Conus victoriae Reeve, 1843.
exposed on mud flats at extreme low tide
Broome, West Australia 
   One could easily make an entire collection of textile (tent) cones as there are so many species and so much variety while all share that one common denomination – tents.
   Conus victorae, named in honor of Queen Victoria, is indigenous to the north and western coasts of Australia.  Unlike most cones, it seems any shallow water environment will do and might be found living in mud flats, underneath rocks or in sand at the base of corals.  It is predatory, venomous and one can assume where there is food, it will be found.
   While many tent cones share a similar pattern of tents and fine lines, Conus victorae is distinguishable as its pattern is more complex than most other tent cones. It has a white base overlaid with either orange gold or blueish brown bands, dark blotches, uneven spacing and grouping of small irregular sized tents, fine vertical lines, and often an interrupted pattern. It also tends to have a rougher finish than most textile cones, often with growth lines, healed breaks, and eroded patches. As the shell is common in its locations, there is no reason to collect inferior specimens.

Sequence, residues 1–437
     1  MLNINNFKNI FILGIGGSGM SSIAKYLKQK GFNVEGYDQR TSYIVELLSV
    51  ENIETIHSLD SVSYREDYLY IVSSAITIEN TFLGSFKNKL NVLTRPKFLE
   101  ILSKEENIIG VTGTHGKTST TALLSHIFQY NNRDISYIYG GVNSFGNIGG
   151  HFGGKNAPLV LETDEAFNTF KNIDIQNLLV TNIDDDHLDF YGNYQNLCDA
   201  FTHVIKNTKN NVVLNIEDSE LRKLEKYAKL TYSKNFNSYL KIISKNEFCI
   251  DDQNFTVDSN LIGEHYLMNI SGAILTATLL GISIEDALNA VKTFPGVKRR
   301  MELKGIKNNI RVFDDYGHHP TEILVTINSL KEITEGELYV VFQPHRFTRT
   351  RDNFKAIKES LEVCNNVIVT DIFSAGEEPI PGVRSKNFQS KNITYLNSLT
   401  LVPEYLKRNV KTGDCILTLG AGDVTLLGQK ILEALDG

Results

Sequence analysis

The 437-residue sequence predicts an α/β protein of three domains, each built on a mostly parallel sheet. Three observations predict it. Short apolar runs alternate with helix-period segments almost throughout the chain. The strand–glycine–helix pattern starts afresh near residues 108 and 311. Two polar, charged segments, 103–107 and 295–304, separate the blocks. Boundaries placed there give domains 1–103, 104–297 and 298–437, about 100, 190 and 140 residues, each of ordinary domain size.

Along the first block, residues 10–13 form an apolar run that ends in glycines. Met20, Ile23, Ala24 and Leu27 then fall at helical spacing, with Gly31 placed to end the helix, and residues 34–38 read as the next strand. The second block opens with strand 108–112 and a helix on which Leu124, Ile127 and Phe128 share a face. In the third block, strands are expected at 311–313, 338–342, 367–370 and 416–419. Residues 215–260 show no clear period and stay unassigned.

Conus victoriae is very variable both in coloration and shape,  Elongated spires are often found.  It seems that the colors vary by population rather than within the population. These three specimens came from a lot of two dozen, not one of which had any blue.  I’ve seen other groups where most were blueish and some exceptionally dark.  Albinos also exist.
   These three specimens, are varied in pattern, of near gem quality, but are on the smaller sde,  It seems recently they just don’t grow so big and large specimens will bring twice the price of average ones.